Anyhow, the album in itself is a masterpiece. Packed with powerpop gems, full of energy and beatle-esque songwriting, it had a great impact on me when I first heard it a year after it came out and inspired me in so many ways, changing the way I write music. “Oh No The Radio” might be one of the coolest opening tracks of all time, and “Coming Up Roses” is a song every songwriter would wish they’d written!
Unfortunately, only one track is available for listening on Owsley’s MySpace. But it’s the beautiful ballad “Sentimental Favorite” so there’s really no reason to complain. I’ve been searching YouTube for any kind of Owsley or Semantics clip withouth luck. If you readers happen to stumble upon a clip, let me know.
By many considered to be the very first album of the genre, this next essential powerpop album is a true gem that everyone should be aware of. The importance of Big Star‘s debut album “#1 Record” from 1972 can hardly be ignored, influenced, as it has, bands like The Posies (whom I focused the last issue on), Teenage Fanclub and Matthew Sweet to mention a few. Big Star is a band that didn’t get its deserved recognition back when they started out in the early 70’s, but has gained some interest in later years – much like Nick Drake.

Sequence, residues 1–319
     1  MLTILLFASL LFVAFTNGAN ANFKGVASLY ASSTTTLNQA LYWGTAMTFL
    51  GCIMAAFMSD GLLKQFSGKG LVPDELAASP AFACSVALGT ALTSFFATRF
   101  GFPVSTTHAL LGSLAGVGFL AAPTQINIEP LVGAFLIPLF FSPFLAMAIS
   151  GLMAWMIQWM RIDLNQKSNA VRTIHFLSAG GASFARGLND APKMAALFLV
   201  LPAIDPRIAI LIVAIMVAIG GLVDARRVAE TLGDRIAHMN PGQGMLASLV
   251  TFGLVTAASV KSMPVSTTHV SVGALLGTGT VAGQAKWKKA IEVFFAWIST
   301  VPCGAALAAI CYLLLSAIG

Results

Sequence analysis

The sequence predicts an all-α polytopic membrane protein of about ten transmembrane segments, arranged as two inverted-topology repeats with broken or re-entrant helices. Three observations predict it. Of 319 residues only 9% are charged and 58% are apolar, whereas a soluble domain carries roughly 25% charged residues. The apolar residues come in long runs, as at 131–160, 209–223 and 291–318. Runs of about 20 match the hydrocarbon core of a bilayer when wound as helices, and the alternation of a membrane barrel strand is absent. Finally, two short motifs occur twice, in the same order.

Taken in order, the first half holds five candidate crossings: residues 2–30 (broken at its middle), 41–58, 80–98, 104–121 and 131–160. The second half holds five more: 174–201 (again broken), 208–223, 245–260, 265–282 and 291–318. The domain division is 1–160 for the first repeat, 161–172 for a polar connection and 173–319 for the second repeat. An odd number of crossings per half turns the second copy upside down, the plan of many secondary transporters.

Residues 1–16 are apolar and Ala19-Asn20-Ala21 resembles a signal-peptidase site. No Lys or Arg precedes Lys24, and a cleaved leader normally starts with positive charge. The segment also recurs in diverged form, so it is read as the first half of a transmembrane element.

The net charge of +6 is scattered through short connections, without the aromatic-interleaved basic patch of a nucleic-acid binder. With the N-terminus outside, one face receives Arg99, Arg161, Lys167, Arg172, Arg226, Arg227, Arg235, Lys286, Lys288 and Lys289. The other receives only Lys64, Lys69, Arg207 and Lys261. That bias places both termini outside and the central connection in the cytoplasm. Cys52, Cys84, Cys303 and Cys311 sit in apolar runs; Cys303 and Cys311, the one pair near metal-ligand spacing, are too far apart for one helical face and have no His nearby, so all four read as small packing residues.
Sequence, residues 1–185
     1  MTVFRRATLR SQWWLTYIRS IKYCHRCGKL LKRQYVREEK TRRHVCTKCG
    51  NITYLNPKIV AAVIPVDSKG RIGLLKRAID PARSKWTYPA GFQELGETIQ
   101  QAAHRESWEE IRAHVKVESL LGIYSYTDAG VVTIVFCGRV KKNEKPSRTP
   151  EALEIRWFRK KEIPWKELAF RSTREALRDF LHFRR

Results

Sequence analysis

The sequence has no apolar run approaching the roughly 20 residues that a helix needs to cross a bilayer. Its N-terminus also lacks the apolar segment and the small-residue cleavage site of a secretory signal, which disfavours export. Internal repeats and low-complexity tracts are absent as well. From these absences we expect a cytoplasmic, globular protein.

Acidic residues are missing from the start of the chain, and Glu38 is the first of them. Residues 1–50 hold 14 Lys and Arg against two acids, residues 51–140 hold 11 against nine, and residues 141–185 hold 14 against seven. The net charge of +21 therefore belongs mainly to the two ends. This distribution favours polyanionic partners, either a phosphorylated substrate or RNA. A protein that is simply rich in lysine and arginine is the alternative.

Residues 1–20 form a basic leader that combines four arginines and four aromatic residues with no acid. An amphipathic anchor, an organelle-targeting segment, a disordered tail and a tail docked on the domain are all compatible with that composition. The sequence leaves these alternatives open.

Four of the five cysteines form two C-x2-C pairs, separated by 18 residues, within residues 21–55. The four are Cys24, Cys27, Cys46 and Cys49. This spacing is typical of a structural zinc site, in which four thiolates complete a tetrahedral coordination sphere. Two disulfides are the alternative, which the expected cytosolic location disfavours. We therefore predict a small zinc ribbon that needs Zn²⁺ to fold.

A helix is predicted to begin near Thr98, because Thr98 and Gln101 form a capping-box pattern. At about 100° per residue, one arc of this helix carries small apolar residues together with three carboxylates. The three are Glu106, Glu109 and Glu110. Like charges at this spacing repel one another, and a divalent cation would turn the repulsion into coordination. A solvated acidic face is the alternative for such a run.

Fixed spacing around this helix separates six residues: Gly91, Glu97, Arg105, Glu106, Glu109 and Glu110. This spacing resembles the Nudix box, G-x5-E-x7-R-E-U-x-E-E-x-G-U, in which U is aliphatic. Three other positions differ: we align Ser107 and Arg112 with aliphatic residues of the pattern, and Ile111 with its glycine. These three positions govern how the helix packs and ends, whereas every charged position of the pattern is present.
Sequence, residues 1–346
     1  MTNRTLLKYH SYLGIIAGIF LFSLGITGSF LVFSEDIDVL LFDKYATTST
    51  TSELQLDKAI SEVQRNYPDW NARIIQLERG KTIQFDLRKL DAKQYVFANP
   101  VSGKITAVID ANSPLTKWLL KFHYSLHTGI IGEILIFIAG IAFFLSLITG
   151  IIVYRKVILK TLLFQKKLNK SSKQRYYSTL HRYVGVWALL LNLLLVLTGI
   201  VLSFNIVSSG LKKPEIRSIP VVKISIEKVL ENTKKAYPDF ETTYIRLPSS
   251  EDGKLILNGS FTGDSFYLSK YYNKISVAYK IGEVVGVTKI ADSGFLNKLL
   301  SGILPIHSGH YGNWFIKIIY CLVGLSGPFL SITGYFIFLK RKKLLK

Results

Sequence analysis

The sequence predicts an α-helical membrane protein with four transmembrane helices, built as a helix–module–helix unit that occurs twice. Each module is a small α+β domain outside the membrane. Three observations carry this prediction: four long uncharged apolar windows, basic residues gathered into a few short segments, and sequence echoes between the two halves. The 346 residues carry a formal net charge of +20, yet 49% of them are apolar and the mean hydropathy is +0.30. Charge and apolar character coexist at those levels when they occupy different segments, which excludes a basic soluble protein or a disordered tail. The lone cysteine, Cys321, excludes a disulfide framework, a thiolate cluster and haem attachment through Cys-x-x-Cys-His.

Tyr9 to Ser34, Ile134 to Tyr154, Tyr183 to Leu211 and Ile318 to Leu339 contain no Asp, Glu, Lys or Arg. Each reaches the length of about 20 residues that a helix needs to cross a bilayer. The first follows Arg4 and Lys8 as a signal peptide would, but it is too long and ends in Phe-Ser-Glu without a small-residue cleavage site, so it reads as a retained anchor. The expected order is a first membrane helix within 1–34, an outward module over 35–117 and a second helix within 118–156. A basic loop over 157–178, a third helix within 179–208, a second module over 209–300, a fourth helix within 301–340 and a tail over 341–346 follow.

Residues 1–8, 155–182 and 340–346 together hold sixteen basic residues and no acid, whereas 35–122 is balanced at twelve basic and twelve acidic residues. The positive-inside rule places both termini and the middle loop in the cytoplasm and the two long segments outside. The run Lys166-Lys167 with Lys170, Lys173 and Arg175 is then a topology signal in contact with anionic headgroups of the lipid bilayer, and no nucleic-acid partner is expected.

This is yet another of those albums that, in my opinion, doesn’t have a single weakness. Not a bad track. It’s got the real rocker tracks like “Don’t Lie To Me”, “In the Street” and “Feel”, as well as beautiful ballads such as “Thirteen” and “The Ballad of El Goodo”, which might be one of the most beautiful songs ever written.
Big Star disbanded in the mid-70’s but reformed in 1993, adding Jon Auer and Ken Stringfellow from The Posies to the lineup. They also contributed to the 2005 album “In Space” which is a fine piece of work, although it doesn’t even come close to the debut.
Here’s a YouTube clip from The Tonight Show with the new lineup performing “In the Street” (which you might recognize from That 70’s Show, for which Cheap Trick recorded their own version)
The Songbox Fan Crusade compilation will be released through iTunes Music Store on Tuesday 31 March!
The Genuine Fakes contribute two songs – “The Promise” and “I Don’t Want It” and those two tracks make up the second official release from the band. The first was the Posies cover “Somehow Everything” on “Beautiful Escape: The Songs of The Posies Revisited”.
The price of the album will be 90 SEK (ca 9€) and it will be released exclusively through iTunes on March 31, and a couple of weeks it will also be available through other online stores such as CDON.com, Sony Ericsson Play Now Arena and Nokia Music Store.